9.0

Journey review
Begin with a single step

Summary:





‘Artistic video games’ is quickly becoming my favourite genre, because it’s increasingly clear to me that AAA developers don’t have any balls. They sink so much money into game development that anything less than a major hit represents huge financial losses, and as such they can’t afford to take any risks. So instead they pander to the lowest common denominator by creating games which last for dozens of hours and include every gameplay element they can think of, perhaps in the hope that throwing enough shit at the walls will result in something sticking. We gamers are to blame to an extent since we’ve come to expect a predictable bang for our buck, but it’s watered down all the individual genres to the point we’re they’re all starting to resemble each other. As usual it’s left to the minor studios or the indie scene to push existing boundaries by jamming their fingers in their ears and staying true to a single, initial vision. And every once in a while a previously unheard of developer strikes gold. If it comes to a choice between a game lasting only a few hours yet polished to perfection, or a colossal Skyrim-style open world full of glitches and bugs, Journey is Exhibit A when it comes to demonstrating why the former shouldn’t be rejected out of hand.

There’s no definitive story to Journey – you play as a cloaked humanoid figure which could as easily be male or female, human or alien. There’s no dialogue whatsoever to provide you with any hints. While there’s a handful of cutscenes which act as a transition between ‘zones’, these are purely visual and so heavy with imagery that every player will have a slightly different interpretation of what’s really going on. It takes a while to settle in with this style and you probably won’t arrive at your own conclusions after a single playthrough. Some gamers will inevitably be put off by that philosophical chestnut of projecting your own personality onto the player character, but all the same there’s enough there to give you the general impression of a message of self-discovery, character building, adversity – you know, all those clichés associated with journeys being more important than their destinations. But unlike many other artistic games, it’s in fine balance here – Journey is deep enough that you can read into it as far as you want to, but it also isn’t so distracting as to be pretentious. You’re free to make of it what you will without it much affecting your enjoyment of the gameplay.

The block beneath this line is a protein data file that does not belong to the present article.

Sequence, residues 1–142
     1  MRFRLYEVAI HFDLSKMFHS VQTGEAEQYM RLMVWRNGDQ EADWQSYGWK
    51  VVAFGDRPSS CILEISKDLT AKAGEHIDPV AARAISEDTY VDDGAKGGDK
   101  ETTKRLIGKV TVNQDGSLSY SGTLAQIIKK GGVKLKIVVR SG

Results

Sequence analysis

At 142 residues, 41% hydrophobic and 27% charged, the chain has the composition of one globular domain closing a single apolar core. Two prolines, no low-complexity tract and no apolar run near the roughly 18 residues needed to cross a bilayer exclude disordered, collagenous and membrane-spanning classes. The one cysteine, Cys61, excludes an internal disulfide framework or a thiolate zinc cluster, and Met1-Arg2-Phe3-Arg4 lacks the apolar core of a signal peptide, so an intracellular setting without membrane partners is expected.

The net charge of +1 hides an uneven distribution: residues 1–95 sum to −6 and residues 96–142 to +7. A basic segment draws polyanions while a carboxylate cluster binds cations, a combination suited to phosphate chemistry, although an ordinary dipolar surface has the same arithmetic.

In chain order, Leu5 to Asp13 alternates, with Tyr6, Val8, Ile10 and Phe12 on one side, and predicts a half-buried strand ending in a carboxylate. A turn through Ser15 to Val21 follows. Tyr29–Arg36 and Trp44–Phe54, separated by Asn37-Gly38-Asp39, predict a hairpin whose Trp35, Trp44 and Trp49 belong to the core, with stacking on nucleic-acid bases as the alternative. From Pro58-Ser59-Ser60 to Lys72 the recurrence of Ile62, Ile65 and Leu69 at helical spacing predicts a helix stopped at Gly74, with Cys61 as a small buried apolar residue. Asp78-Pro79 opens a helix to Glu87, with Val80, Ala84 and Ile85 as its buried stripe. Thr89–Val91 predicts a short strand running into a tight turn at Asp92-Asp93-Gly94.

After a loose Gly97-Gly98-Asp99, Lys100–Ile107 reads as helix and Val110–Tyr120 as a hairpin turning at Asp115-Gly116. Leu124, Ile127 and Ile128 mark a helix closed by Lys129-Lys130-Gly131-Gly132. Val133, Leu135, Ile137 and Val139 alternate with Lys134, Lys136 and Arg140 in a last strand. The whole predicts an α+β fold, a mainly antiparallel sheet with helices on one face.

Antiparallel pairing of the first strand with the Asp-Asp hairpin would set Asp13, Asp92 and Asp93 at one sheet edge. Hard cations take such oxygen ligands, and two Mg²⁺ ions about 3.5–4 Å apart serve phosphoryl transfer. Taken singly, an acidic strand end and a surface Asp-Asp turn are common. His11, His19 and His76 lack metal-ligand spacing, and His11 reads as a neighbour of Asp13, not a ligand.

Journey’s most obvious draw is the astonishing quality of its graphics, a demo of which could be used to sell high definition televisions. The adventure-style gameplay includes puzzles and platforming which takes you across a vast desert, slowly transitioning into ruins, caves, underwater caverns and an icy mountaintop that push the PS3’s hardware to its limits. It’s the light effects which are particularly breathtaking; the way the sun shimmers off the sand dunes, the horizon becoming indistinguishable from the sky in the blaze of a glorious sunset. And unlike longer games the highest quality graphics aren’t just reserved for cutscenes, but remain consistently brilliant throughout.



The much-lauded soundtrack is also very impressive, but not so much for its standalone quality as for how it’s used. Each of the tracks makes for good general listening but not to the point where you’d rush out and buy the CD. Instead it’s more how each is perfectly suited to its context and helps to shape and elicit all the right emotions throughout the relevant points of the game. Tense moments are enhanced by haunting, ominous music while more frivolous sequences are accompanied by a more appropriately upbeat track. But it’s the timing which astounds. You round a corner and a cymbal crash heralds a previously obscured ruin the instant that you see it for the first time. A few uncertain notes sound just as you see something beginning to move out of the corner of your eye. When you can master sound design like this, who needs dialogue? Context is everything.